Tsering Wangmo Dhompa: Yes. So then I felt like I had to work much harder to create a narrative that a reader could follow. It was a lot of arranging and rearranging and trying to think through history, personal memory, and dislocated spaces. Which, in poetry, I feel like I can do, because it’s on one page as my poems are not that long and I can see it all on the page. For me it’s important to see it visually, so to have something that extended over so many pages, was hard. I would print everything and put it on the wall and map out, almost, like a visual journey. Have pages speak to each other.  I wish I could say I am skilled at, that I am an expert at experimenting with genre, but no, it’s just labor, some accidents, and some help. I asked friends who are writers for their suggestions. I read a lot trying to figure out how other writers interweave texts and braid things together. And finally, I think it sort of worked. And right now I am struggling with the same thing with my new book. 


Tenzin Dickie: What is your new book? I am so excited for it!

Tsering Wangmo Dhompa: It’s gnarly right now. It’ll probably get me in trouble. I’m interested in the Tibetan exile community’s continued focus on and definitions of “unity” and “regionalism” and what the terms connote. My book suggests that these values gained their importance in the mid-1960s; I tell the story of the Bhod Dedon Tsokpa (also known as “the 13”) as a way to ask if in advocating for emancipatory politics or in building a national freedom movement, Tibetans also ended up persecuting those who did not embrace all the views of the exile government. 

I’m struggling with genre because it doesn’t want to be an academic text and it’s not just nonfiction, so I am hovering in between forms again.

This story is important to my community, so I’ll write it the way I think I know how to write it. I am also working on a collection of poems. I like having both of these different forms because it helps me think through similar concerns in different ways.


Tenzin Dickie: What does it mean to you to be a writer in exile? 

Tsering Wangmo Dhompa: The identity of “a writer in exile” is an intriguing one. I circle around the question of exile or the condition of being exiled in my writings as though it is the condition I am most familiar with. And perhaps it is, after all, I have not had the security of citizenship anywhere, but recently. I suppose to be in exile is to keep the question of homecoming alive, to keep visible a struggle that is still ongoing. On a more personal level, I am not free to visit my family and my loved ones in Tibet and that marks my life every day. My life has been shaped by this separation.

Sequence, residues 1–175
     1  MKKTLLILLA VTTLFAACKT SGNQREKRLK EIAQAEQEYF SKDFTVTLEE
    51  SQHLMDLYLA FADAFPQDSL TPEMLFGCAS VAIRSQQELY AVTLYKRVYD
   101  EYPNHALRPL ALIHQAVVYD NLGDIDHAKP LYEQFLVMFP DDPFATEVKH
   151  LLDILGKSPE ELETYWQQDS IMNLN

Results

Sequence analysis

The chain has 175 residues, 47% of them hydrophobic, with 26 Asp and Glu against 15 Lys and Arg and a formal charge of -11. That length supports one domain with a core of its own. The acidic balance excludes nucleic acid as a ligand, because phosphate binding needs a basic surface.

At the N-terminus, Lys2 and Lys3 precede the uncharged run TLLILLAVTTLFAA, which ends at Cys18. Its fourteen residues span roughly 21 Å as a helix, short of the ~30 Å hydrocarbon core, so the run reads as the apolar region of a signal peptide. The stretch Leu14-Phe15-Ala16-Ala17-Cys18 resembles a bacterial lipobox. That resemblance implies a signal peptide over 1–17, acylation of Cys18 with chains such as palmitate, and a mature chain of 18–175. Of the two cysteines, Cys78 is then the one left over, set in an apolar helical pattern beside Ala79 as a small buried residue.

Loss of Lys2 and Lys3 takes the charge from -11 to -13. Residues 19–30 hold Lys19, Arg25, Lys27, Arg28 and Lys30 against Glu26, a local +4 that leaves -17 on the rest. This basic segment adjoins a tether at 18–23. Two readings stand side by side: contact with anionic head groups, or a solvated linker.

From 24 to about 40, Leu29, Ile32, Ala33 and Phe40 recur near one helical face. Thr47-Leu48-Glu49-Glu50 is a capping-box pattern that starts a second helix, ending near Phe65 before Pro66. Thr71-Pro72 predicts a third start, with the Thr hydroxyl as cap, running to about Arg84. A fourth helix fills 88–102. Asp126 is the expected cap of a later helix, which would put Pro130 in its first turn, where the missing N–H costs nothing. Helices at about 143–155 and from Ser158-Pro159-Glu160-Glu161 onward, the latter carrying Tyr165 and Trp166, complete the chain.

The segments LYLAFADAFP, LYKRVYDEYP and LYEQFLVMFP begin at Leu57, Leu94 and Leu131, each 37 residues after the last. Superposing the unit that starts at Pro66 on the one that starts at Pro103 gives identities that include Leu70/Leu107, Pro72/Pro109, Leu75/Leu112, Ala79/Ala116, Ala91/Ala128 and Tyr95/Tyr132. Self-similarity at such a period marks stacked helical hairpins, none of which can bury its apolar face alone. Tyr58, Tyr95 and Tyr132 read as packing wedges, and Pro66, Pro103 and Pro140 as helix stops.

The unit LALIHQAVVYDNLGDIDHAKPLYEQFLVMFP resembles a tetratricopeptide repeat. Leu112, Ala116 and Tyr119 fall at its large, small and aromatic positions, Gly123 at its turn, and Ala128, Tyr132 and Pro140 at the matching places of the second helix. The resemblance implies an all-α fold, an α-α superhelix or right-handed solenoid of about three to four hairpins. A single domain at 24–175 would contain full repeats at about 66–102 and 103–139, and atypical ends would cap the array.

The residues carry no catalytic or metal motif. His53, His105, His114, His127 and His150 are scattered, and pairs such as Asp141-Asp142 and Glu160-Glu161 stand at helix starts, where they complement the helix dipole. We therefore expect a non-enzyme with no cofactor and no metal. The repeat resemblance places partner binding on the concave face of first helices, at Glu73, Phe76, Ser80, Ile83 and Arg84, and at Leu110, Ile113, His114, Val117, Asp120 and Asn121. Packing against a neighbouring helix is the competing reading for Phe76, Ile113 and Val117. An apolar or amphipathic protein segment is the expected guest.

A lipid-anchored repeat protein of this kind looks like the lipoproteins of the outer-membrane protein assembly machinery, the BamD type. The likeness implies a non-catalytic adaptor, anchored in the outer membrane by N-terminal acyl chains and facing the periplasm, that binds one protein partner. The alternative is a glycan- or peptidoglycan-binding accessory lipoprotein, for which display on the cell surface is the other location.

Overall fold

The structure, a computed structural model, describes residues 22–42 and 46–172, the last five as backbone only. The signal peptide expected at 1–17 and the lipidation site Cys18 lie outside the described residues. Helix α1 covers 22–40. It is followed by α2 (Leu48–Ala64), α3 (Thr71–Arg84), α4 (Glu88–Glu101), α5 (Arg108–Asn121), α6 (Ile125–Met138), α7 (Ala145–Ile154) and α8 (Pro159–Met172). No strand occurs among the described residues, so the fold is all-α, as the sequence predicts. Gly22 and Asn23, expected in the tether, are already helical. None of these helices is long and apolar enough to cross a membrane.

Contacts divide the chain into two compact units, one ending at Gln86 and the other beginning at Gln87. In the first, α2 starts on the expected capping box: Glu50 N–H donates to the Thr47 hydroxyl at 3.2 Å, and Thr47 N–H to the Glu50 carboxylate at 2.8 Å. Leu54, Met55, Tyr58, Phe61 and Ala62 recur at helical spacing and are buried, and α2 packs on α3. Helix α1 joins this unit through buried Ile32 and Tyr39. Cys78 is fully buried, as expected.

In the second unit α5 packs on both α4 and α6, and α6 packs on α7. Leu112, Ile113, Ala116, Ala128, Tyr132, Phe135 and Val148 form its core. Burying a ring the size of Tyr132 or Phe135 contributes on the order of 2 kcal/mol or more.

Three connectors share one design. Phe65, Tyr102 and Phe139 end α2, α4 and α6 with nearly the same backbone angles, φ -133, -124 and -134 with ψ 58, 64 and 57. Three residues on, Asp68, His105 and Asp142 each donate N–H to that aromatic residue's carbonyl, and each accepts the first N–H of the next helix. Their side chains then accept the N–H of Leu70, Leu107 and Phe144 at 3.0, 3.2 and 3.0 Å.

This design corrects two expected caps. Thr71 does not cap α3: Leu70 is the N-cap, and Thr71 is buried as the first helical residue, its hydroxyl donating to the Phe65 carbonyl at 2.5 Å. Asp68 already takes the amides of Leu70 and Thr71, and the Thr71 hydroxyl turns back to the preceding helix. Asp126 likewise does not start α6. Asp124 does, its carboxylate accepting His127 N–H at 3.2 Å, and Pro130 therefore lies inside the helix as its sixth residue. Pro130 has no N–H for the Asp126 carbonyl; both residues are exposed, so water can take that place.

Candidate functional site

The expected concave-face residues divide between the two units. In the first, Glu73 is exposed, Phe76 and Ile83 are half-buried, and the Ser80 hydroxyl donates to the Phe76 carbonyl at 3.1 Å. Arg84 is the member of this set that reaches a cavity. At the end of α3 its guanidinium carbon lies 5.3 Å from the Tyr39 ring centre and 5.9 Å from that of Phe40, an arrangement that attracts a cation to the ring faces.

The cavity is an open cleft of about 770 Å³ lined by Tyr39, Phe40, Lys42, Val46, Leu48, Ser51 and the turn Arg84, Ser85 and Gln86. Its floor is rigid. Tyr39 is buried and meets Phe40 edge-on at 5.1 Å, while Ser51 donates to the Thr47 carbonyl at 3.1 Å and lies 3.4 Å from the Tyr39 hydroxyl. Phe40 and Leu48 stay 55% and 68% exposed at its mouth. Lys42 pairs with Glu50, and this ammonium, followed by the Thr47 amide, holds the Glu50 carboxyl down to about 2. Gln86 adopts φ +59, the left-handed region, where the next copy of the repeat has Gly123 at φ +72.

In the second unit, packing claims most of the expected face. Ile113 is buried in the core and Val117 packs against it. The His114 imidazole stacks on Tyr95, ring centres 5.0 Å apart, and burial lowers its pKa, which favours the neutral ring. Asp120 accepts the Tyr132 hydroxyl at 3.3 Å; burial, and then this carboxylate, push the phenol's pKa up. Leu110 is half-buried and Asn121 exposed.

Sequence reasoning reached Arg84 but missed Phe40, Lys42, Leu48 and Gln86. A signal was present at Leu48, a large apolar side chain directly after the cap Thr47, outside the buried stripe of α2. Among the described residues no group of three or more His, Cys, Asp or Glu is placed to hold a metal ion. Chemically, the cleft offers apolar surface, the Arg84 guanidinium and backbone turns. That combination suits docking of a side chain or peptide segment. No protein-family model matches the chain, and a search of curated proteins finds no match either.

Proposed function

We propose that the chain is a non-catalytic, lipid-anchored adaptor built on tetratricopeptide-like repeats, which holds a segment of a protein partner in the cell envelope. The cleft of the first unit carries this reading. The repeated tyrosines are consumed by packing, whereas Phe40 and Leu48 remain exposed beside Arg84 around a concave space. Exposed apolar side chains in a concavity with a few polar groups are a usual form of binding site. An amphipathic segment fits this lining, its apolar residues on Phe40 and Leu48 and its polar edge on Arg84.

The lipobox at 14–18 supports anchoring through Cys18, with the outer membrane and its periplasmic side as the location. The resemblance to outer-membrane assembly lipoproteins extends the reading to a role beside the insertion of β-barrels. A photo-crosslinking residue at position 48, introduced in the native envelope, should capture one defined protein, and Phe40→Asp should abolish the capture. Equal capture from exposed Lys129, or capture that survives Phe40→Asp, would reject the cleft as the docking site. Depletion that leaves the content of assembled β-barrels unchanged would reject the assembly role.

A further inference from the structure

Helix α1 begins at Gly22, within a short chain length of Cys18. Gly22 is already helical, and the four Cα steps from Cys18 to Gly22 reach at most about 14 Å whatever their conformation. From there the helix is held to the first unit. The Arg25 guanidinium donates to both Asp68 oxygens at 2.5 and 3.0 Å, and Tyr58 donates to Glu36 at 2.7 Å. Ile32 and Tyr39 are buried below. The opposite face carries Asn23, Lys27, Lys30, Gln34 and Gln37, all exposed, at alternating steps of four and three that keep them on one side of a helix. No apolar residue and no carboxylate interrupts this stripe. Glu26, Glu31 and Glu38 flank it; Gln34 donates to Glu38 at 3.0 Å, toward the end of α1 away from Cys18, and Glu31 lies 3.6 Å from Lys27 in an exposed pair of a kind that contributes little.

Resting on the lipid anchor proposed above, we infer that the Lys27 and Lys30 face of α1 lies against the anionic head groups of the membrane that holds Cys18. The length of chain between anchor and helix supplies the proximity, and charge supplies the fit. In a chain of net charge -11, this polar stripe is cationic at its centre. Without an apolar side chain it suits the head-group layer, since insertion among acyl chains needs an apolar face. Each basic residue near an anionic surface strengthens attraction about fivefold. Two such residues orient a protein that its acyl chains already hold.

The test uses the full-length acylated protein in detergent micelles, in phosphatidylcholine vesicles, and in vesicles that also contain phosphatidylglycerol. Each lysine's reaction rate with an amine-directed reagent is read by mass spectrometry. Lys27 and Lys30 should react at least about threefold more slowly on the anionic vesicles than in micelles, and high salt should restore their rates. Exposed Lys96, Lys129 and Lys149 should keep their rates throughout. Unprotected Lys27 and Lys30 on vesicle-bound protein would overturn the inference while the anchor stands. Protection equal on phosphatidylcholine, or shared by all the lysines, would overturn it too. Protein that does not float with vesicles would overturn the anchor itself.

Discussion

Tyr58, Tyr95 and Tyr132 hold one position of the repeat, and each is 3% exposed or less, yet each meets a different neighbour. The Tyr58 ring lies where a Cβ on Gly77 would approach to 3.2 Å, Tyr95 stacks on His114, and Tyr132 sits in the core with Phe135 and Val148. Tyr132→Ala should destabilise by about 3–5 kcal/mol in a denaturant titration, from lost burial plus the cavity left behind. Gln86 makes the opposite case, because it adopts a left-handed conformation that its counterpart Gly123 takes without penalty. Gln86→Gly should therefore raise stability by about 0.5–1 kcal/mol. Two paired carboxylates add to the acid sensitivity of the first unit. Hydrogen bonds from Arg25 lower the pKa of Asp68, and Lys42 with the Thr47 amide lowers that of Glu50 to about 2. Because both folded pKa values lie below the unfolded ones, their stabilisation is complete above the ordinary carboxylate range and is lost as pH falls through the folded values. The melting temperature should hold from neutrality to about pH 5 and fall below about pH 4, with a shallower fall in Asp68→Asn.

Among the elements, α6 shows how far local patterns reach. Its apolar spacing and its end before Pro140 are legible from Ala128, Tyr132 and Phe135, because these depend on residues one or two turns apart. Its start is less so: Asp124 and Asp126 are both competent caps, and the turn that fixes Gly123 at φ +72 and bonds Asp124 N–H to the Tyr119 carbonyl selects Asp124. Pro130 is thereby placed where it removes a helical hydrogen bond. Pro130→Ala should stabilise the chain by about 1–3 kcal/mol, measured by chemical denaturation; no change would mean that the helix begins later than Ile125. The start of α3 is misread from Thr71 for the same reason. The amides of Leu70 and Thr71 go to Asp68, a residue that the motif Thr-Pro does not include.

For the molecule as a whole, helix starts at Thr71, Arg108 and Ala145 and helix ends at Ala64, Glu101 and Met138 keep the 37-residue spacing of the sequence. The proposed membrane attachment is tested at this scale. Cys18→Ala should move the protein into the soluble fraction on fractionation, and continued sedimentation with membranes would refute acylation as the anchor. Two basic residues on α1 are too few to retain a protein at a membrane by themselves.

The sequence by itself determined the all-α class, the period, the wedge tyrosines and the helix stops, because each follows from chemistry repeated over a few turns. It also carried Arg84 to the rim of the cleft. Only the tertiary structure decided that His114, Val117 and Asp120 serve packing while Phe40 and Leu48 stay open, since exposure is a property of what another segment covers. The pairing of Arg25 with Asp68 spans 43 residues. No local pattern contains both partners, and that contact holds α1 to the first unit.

Also, on the question that you asked earlier, on when did I feel like a writer (or something like that) I was also thinking that there are so many questions in that question. I would also add that I feel like a writer when I’m at my desk writing. The act of writing, regardless of whether it is going to be published, is undertaken with dedication and has meaning to me, and that’s when I am aware of myself as someone for whom writing is crucial and necessary. 


Tenzin Dickie: Has the pandemic affected your writing? 

Tsering Wangmo Dhompa: I don’t know, time will tell when I see the writing “after” the pandemic. Personally, the kind of solitariness and aloneness that some of my friends feel during the pandemic, I have always felt that. On that front it’s the same, I have always just felt that yeah, it’s just me. But I definitely do feel the world has been impacted so severely. And it’s hard not to see and feel that. All the inequalities, the injustices are much more visible now, in terms of the communities who are disproportionately impacted both in local and global spheres. Like many, I have lost a lot of people this year, some to Covid. It’s hard to think that the spaces that I think of as home or home-like are altered because so many of our elders are gone. And people I know and love, their lives have also shifted and altered in so many ways. 


Tenzin Dickie: What you said just now about being alone reminded me of that searing line where you write in the memoir: “When there are just two of you in the world, you carry the fear that if one of the two should go, there will be just one left; you are two against the idea of time, death and happiness.” And the two of you, that was you and your mother, and then, after she was gone, then it was just you. She sounds like such a wonderful brilliant woman and she raised you to be one as well. If she could see you, what do you think she would say about your writing?

Tsering Wangmo Dhompa: I don’t know. My mother was never someone who focused on my accomplishments. I worked so hard in school because I wanted to make her proud and that was something that I could do. I would get all the prizes I could get, and my mother always said–whether my grades dropped or whether I came first–she said, great job. For her, it was important that I be a considerate person and live according to certain values, and she was a practicing Buddhist and she really did live by her practice. She always said, put people first. And I feel for the most part I have. You know, I think that I would have written two or three more books had I not cooked so much for my friends every weekend for most of my life! Which I remind them. So I took my mother’s words very seriously and put people first, which has also meant, before my own writing. And I think that would make her proud, being as kind as I have tried to be and to learn from her. 

She was always proud of whatever I did or didn’t do. I did hear her once, overhear her really. Because she never praised me to my face, you know. I did overhear her say to somebody, a stranger who was asking about me–she said, my daughter writes for a magazine. And the tone in her voice, I was so startled and so touched. Because of course I knew she loved me, but I didn’t know what it meant-you know, what I did or my writing meant to her. 

She was more interested in the human being I would be. And you know, now I have lived more than she did. I think about her and I think, she was actually an incredible human being. Not just because she was my mother but because of who she was. I still think about her every day. It’s been more than half my life that she’s been gone, but she was the only person I had as family. 


Tenzin Dickie: And the thing is, you had her. You had her. And she was proud of you, Tsering the writer and Tsering the person. Now my last question is kind of random: what’s the bravest thing you have ever done?

Tsering Wagmo Dhompa: I am not a brave person. Let’s see. When I was school captain, I helped someone with a serious issue. I was proud of the way I handled it, the way I resolved it without taking it to the authorities. It’s not a brave thing but I have kept safe many secrets that people have entrusted to me, going back to when I was sixteen. It feels important to be able to hold that place, to keep those stories.


Tenzin Dickie: That’s very…what’s the word? You know, bravery is to brave as integrity is to, ah, having integrity. That’s not the word but you know what I mean. You are like a secret keeper.

Tsering Wangmo Dhompa: I am like a secret keeper, that’s my claim to bravery.



Tenzin Dickie is Yeshe’s fiction and interview editor.